Women account for just 13% of the UK's Science, Technology, Engineering and Mathematics (STEM) workforce.
Lots of work is being done to address this by encouraging more girls to study STEM subjects.
But there is another way.
Increasing numbers of women are switching to STEM after graduating. After i finished university in 2015 with a history and philosophy degree, I never imagined I'd be venturing into the world of STEM.
Despite always enjoying maths and science, I decided to pursue humanities subjects in further education.
During my time at Lancaster University I had a job in the campus recruitment team but coming back home to Cumbria I realised a career in HR and recruitment wasn’t for me so I decided to do some searching.
I came across the Sellafield Ltd Quality Degree Apprenticeship Scheme. As someone who wants things to be correct, always has a to-do list, is forever trying ‘fix’ things, quality seemed the right calling at last.
Alongside working in quality, I really enjoy my academic course. Although it was daunting to start another degree, it is very rewarding to think I will have a plant engineering degree in 2 years’ time. As someone who hadn’t done maths since GCSE, passing that module was an achievement in itself!
It is challenging balancing a full-time job, a degree and extracurricular activities (plus trying, and mainly failing, to have a social life).
However, it is worthwhile, and I believe the skills gained through my apprenticeship will help prepare me for my future career.
I’m sure there will be times when I’m as busy (or as stressed) as I was when I had 2 assignment deadlines and a presentation in one day.
Being enrolled on this apprenticeship has opened doors that I didn’t even know existed and I am proud to be involved in a range of institutes, such as the NI YGN (Nuclear Institute Young Generation Network), WiN (Women in Nuclear) Cumbria and STEM.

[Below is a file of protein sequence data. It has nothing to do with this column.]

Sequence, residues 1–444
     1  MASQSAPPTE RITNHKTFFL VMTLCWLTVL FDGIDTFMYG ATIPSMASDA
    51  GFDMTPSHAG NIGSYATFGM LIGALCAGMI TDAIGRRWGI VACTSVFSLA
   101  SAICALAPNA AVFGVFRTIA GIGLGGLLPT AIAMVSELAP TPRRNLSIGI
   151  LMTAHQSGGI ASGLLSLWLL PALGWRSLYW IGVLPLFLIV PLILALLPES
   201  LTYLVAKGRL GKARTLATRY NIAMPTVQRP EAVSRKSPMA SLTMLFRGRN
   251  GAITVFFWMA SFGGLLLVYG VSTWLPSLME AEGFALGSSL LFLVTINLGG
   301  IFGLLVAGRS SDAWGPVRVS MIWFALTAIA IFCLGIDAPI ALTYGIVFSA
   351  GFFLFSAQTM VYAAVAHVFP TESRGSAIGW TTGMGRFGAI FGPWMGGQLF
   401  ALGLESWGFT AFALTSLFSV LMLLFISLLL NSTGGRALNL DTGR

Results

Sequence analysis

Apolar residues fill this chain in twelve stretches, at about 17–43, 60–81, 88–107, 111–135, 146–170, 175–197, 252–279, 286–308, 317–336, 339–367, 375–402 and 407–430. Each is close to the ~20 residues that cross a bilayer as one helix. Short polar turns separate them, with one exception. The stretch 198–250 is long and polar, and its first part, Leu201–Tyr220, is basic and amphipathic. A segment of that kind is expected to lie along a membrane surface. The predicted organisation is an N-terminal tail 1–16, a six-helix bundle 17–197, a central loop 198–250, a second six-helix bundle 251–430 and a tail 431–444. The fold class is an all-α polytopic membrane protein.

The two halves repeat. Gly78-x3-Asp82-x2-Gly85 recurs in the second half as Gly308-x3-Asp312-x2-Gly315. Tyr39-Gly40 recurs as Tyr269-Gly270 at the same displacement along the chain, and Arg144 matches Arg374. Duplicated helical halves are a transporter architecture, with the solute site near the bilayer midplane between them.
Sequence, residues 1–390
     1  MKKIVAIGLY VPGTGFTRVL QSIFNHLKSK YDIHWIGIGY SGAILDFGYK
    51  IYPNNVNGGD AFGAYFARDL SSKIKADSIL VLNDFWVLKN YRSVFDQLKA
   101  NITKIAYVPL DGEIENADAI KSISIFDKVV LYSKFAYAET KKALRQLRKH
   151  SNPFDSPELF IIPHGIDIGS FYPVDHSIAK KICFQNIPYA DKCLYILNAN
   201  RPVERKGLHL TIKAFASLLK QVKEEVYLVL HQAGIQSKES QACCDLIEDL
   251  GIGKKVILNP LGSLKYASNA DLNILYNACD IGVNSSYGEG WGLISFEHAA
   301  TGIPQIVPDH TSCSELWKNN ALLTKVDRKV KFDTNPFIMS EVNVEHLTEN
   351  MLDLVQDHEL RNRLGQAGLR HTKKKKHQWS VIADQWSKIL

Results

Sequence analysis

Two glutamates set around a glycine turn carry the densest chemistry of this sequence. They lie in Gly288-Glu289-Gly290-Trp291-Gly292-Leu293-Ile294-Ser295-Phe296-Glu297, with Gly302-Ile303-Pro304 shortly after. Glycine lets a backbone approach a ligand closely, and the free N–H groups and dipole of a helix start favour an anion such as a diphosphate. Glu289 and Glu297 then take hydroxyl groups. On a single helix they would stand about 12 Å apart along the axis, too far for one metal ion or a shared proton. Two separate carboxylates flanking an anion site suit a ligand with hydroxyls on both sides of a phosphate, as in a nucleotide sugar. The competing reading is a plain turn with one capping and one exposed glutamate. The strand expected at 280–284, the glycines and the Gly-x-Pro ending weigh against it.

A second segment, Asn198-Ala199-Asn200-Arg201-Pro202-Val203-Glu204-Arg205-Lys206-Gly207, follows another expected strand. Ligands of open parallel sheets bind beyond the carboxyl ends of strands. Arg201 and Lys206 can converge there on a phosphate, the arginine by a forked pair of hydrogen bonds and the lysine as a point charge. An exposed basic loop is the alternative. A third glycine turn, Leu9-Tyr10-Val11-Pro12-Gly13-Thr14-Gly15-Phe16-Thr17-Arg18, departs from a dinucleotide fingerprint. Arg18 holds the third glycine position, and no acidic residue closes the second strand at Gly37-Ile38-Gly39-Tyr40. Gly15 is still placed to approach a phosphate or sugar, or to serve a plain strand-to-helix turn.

I want to help create opportunities for mentoring and coaching to support young people in reaching their full potential in their careers and being involved in these activities gives me the chance do this.
My apprenticeship cohort is made up of roughly the same number of males and females. I think STEM events and ambassadors going into schools has had a huge impact on this by showing people that these subjects are for everyone.
Now I get involved in all kinds of STEM events. I’ve judged core values at a Robot Lego League competition and used nerf guns to show primary school children about shielding from radiation.
Being involved in these events is very important to me as we didn’t have many STEM ambassadors coming to my school, and looking back, I would have appreciated someone telling my younger self to think about a career in STEM and to tell me about the exciting opportunities that it would offer.
I’m sure that through STEM volunteering, ambassadors can continue encouraging young people and entice them into a career, even if it is using nerf guns!
My top tips for getting involved in STEM
- Choosing just one STEM subject at A-Level can give you lots of opportunities. It will also ensure you meet criteria when applying for certain courses/jobs
- Be proactive and volunteer. Whether it’s going into schools or helping with academic institutes, this will help you develop your organising and presenting skills. It’s also great for networking with STEM professionals
- Be confident in your ability - you can achieve whatever goals you set yourself!